• Knowing the Philippine Army's BO-105 Helicopters

    These donated helicopters operated by the Philippine Army's Aviation Regiment provides much needed field support, especially on medevac-related evacuation and other logistical concerns.

  • Updates on the PAF's C-130J-30 Super Hercules Aircraft

    The Philippine Air Force, for the first time, sets to have at least three (3) brand new cargo aircraft from Lockheed Martin, which is done through a commercial deal between the two entities.

  • Phil. Army's Armored Vehicle-Launched Bridge Project

    This AVLB with a Merkava IV chassis serves as the first platform of such type for the Philippine Army to use, and may set as a reference for the service branch’s future armored vehicle plans and programs later on.

  • Navantia's Submarine Offer to the Philippine Navy

    The Spanish shipbuilder has offered its submarine offer for the Philippine Navy's submarine project. How will it fare compare to its competitors like France's Naval Group and South Korea's Hanwha Ocean?

  • Knowing the AW-109 Helicopter of both PAF and PN

    Both the Philippine Air Force and the Philippine Navy possess this type of helicopter that basically define as a first step towards a more capable Armed Forces, implemented during the First Horizon of the AFP Modernization Program.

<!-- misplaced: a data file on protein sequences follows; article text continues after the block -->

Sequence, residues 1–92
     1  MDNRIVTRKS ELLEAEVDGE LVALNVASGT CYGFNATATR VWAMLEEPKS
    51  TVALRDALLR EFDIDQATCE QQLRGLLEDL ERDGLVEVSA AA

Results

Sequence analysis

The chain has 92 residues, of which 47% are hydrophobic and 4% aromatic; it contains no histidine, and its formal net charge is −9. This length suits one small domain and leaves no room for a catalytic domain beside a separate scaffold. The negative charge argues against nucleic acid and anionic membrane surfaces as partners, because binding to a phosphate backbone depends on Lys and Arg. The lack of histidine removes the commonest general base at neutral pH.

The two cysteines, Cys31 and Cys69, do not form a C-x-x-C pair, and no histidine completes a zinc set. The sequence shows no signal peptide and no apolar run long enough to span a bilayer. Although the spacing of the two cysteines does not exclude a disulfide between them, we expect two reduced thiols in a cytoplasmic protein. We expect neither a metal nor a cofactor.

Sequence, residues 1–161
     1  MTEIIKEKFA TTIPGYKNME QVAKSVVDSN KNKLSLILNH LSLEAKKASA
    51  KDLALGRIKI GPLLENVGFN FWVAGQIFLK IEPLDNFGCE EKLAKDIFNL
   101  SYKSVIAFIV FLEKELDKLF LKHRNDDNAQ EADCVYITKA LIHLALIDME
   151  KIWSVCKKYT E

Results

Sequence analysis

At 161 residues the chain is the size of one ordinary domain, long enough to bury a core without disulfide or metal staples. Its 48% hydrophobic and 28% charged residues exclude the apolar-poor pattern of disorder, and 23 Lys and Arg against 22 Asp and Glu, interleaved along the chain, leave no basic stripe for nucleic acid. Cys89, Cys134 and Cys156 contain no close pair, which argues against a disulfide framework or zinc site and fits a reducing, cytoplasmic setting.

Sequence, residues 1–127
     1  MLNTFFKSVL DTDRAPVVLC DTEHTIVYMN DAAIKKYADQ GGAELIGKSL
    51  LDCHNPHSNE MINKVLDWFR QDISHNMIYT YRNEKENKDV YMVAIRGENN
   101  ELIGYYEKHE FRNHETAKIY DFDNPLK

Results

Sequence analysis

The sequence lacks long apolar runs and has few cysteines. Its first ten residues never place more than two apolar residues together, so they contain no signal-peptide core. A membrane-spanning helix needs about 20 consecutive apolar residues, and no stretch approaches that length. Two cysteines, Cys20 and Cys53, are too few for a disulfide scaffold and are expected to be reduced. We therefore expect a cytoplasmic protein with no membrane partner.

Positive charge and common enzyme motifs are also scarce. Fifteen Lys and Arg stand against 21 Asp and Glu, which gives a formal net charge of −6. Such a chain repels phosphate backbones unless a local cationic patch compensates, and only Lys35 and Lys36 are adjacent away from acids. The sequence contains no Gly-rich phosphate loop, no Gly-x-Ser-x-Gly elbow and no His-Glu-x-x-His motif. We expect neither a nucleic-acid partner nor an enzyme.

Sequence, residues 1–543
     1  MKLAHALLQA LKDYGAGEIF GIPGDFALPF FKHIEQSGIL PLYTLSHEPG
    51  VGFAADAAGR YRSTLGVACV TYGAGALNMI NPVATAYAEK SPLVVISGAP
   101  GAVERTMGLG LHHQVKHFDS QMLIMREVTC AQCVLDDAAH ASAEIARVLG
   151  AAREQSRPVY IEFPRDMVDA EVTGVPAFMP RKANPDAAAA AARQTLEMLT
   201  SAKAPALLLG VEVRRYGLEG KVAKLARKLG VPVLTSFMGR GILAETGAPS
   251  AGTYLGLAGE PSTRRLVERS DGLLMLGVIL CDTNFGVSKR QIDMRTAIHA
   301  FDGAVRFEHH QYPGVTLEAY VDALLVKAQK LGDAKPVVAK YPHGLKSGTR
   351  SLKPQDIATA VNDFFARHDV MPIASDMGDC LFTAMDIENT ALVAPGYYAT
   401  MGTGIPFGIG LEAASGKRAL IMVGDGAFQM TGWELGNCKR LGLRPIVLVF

• The Phil. Army's Interest on the FGM-148 Javelin ATGM

    The Philippine Army is improving its firepower capabilities, and it witnessed the performance brought by this anti-tank missile during the Balikatan 2023 Exercises. Now they are considering it for their systems.

  • Know More About Us

    Just kindly click this link to understand more about our resolve of providing knowledge and perspective in relation to the Philippine defense and other related topics or discussions.

Thailand's Offshore Patrol Vessel Offer to the Philippine Navy

As the Philippine Navy keeps on modernizing its fleet of highly-capable vessels, it came with several shipbuilding companies interested in participating in the deal with the aims of getting and securing the contract, by which they will be obligated in building gray-hull vessels and eventually providing aftersales support whilst securing profit needed for the operations of the winning bidder.

Those suppliers usually came with the backing of their respective governments wherein forging contracts for the production of warships go beyond the obligation that arose between the supplier and buyer but rather, an opportunity to improve relations between two nations, let alone between two neighboring countries within the region.